A couple, Nat (Rose Byrne) and Josh (Rafe Spall), find that they are not well suited to each other after marrying quite impulsively. She is a corporate high-flyer and he is an aspiring writer. Both are attracted to others, she to a rich client, Guy (Simon Baker), and he to an old flame, Chloe (Anna Faris). The film cuts back and forth between the events of the first year of marriage until it reaches a resolution that is more bewildering than satisfying.

    Although that all sounds straightforward enough, the plot is overly complicated, searching in all directions for laughs, which don't arrive.

    Despite claims to be an exploration of a modern relationship, first and foremost the film attempts to be a comedy. However, nearly all the scenes where that potential existed, are too long, too crude, and too lacking in a true comedic touch.

    The film is not helped by the lack of chemistry between Rose Byrne and Rafe Spall. Both are so serious and unhappy in most scenes that it's as though they are lacking fibre in their diet. But then again, maybe they knew there wasn't much they could do with this script.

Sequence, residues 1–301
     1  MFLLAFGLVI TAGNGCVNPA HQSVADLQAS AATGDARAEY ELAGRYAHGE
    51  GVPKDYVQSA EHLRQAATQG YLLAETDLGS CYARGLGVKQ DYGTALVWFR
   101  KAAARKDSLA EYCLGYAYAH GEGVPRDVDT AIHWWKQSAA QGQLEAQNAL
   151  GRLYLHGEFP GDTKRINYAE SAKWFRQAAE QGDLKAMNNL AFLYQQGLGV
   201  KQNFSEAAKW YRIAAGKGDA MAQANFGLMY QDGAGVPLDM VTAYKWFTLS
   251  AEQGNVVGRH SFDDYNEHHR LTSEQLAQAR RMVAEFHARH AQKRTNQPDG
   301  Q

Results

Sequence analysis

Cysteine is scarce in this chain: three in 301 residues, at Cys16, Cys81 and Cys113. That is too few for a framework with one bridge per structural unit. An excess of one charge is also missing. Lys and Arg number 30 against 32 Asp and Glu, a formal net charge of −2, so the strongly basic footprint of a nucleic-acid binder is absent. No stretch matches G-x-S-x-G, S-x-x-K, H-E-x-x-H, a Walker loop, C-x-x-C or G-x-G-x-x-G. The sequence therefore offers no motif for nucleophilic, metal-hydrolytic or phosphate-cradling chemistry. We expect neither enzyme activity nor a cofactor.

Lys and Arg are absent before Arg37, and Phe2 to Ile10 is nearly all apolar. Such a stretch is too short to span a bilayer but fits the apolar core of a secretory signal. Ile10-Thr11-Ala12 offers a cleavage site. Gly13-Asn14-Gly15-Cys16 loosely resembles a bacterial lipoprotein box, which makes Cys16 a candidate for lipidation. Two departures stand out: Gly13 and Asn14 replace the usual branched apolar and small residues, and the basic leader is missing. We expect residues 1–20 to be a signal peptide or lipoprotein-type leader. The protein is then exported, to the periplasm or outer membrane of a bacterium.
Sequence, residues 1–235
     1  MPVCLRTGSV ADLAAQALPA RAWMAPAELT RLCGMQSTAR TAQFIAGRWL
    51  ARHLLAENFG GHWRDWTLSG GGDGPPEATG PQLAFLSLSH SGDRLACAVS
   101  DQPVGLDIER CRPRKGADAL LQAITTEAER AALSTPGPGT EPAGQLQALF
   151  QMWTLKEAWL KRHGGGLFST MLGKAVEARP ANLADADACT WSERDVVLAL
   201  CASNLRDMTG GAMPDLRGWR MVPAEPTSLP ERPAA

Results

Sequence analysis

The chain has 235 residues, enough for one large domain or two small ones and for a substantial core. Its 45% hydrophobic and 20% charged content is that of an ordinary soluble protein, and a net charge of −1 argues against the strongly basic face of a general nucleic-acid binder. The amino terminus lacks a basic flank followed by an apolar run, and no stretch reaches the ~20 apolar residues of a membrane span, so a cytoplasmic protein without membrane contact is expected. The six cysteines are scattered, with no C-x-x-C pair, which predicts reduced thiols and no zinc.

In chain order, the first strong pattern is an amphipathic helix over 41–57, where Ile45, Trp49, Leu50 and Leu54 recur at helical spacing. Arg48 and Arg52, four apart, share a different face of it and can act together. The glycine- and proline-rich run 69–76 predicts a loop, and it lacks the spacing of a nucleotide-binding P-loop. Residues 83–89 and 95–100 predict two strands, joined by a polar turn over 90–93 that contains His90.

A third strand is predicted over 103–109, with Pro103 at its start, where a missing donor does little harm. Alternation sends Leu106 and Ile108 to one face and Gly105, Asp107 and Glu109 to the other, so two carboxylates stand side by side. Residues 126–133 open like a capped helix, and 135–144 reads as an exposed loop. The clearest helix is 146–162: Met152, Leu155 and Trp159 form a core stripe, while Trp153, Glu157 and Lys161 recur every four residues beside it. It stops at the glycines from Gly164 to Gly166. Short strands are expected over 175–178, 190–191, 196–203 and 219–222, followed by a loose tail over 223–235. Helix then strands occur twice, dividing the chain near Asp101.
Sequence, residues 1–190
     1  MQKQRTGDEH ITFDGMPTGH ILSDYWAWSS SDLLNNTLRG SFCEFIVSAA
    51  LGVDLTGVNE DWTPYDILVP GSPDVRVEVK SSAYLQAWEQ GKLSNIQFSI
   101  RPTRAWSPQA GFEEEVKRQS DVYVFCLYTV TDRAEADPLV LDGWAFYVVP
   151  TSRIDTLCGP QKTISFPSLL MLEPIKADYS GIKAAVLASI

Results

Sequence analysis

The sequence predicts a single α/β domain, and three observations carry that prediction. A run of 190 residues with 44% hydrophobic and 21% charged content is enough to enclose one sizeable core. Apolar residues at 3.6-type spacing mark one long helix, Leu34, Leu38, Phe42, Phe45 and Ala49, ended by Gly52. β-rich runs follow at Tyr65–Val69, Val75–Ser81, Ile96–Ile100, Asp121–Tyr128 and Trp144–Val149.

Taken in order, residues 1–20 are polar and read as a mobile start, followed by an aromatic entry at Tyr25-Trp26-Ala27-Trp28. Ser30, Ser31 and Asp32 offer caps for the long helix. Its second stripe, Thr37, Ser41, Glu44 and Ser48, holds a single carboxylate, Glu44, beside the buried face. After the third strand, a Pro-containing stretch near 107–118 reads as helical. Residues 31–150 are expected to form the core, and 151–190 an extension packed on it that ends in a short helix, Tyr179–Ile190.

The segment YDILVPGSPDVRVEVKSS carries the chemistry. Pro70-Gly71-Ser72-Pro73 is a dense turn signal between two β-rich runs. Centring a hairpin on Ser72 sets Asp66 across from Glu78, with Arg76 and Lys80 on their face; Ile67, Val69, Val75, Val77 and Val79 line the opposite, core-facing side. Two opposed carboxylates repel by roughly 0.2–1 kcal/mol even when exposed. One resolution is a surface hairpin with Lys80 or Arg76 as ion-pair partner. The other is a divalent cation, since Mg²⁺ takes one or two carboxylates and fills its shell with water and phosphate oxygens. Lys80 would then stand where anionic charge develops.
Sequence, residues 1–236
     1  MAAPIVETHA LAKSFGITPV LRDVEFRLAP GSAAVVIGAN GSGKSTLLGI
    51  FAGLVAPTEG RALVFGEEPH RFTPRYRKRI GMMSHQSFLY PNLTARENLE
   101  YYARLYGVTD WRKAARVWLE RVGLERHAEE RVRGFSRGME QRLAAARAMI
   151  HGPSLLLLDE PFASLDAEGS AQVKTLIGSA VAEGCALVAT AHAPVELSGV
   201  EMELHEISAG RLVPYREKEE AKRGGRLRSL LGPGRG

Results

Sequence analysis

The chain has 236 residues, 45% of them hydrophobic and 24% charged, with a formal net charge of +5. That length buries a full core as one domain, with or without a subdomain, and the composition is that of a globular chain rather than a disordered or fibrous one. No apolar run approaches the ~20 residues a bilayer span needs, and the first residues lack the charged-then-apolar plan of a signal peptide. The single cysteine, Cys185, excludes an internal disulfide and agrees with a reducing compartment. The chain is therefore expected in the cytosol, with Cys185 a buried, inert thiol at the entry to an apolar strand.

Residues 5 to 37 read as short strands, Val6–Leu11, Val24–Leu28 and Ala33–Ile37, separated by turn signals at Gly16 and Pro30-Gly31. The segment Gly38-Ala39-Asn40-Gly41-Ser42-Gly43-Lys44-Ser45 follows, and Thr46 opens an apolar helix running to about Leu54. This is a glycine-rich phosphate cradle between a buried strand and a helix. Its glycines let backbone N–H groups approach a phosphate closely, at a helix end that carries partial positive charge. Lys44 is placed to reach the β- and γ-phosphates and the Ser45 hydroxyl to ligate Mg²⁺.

Same problem for Simon Baker and Anna Faris who do bring a lighter touch to the proceedings, but are buried under the contrivance of it all. Anna Faris as Chloe deserved better than the tasteless and interminable threesome scene.

    Even Stephen Merchant as Josh's friend and best man, Danny, can't really lift the film despite a great deal of the rambling banter in the style he developed with Ricky Gervais (answering his own questions in the same sentence etc).

    The script and direction are by Dan Mazer. Where a separate director and writer can often provide a balance and maybe even a reality check for each other - not so when it's the same person. Mazer co-wrote the Sacha Baron Cohen films "Borat" and "Brüno - ambush comedies where the humour is extracted by surprising real people and trying to make fools of them.

    "I Give it a Year" is a different proposition altogether - to create characters from scratch that we care about and who make us laugh would seem to be beyond the talents involved here.
  • comment
    • Author: Yozshujinn
    This could have been a feel good movie if it had been shown that Nat and Josh had gone through a series of trials, tribulations and temptations but then remembered their love for each other and emerged with their marriage and love stronger than ever.

    Instead they indulge in what can only literally be called, wife swapping with Chloe and Guy, with Chloe going to Josh and Nat going to Guy.